As they followed him into the fortress, along drafty stone corridors hung with colorful tapestries and long silk screens of hunting scenes and battles, he continued. “I am glad the call reached you, Dai Shan. Will you raise the Golden Crane banner once more?” The halls were stark except for the wall hangings, and even they used the fewest figures made with the fewest lines necessary to convey meaning, though in bright colors.
“Are things really as bad as they appear, Ingtar?” Lan asked quietly. Rand wondered if his own ears were twitching like Loial's.
The man's topknot swayed as he shook his head, but he hesitated before putting on a grin. “Things are never as bad as they appear, Dai Shan. A little worse than usual this year, that is all. The raids continued through the winter, even in the hardest of it. But the raiding was no worse than anywhere else along the Border. They still come in the night, but what else can be expected in the spring, if this can be called spring. Scouts return from the Blight—those who do come back—with news of Trolloc camps. Always fresh news of more camps. But we will meet them at Tarwin's Gap, Dai Shan, and turn them back as we always have. ”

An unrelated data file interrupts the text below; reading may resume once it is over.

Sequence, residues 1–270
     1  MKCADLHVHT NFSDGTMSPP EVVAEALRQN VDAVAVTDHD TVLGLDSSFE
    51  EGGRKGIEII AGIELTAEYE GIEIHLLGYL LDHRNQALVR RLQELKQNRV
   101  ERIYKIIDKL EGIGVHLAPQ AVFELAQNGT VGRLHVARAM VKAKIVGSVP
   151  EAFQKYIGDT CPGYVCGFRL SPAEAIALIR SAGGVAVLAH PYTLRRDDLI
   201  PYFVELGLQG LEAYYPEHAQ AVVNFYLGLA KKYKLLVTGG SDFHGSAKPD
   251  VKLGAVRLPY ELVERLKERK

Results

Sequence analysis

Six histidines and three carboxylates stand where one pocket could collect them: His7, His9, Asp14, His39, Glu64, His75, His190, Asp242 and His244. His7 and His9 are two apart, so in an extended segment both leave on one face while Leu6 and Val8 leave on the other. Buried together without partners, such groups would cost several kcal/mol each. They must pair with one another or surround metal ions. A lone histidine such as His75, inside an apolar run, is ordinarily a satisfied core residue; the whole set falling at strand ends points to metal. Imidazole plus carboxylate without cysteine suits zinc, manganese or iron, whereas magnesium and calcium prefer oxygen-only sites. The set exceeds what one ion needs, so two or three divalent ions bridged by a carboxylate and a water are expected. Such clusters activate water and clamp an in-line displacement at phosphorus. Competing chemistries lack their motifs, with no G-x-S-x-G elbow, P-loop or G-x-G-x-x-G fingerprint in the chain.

“Of course,” Lan said, but he did not sound certain.
Ingtar's grin slipped, but came back immediately. Silently he showed them into Lord Agelmar's study, then claimed the press of his duties and left.
It was a room as purposemade as all the rest of the fortress, with arrowslits in the outer wall and a heavy bar for the thick door, which had its own arrowpiercings and was bound by iron straps. Only one tapestry hung here. It covered an entire wall and showed men, armored like the men of Fal Data, fighting Myrddraal and Trollocs in a mountain pass.
A table, one chest, and a few chairs were the only furnishings except for two racks on the wall, and they caught Rand's eye as much as the tapestry. One held a twohanded sword, taller than a man, a more ordinary broadsword, and below them a studded mace and a long, kiteshaped shield bearing three foxes. From the other hung a suit of armor, complete and arranged as one would wear it. Crested helmet with its barred faceguard over a doublemail camail. Mail hauberk, split for riding, and leather undercoat, polished from wear. Breastplate, steel gauntlets, knee and elbow cops, and halfplate for shoulders and arms and legs. Even here in the heart of the Keep, weapons and armor seemed ready to be donned at any moment. Like the furniture, they were simply and severely decorated with gold.